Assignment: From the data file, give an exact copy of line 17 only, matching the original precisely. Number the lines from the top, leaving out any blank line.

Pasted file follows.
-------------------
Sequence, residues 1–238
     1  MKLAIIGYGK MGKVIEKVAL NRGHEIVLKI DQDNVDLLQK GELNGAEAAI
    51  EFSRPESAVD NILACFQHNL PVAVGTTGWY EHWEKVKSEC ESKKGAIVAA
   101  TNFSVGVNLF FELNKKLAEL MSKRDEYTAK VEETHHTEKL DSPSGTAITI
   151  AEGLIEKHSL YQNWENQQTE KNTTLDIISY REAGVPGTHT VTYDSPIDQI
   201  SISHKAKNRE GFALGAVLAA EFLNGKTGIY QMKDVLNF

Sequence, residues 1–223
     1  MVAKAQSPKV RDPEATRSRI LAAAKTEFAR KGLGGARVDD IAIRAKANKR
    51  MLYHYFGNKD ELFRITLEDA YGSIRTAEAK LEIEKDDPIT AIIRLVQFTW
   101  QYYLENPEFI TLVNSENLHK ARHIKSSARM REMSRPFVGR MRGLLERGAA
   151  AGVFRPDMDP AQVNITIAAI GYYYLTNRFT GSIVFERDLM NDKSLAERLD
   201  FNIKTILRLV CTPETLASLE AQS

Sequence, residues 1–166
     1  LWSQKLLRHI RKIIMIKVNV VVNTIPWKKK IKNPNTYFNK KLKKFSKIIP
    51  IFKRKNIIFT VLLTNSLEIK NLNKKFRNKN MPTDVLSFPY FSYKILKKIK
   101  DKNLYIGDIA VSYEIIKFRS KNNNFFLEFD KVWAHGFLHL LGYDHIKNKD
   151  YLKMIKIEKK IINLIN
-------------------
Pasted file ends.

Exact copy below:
   151  YLKMIKIEKK IINLIN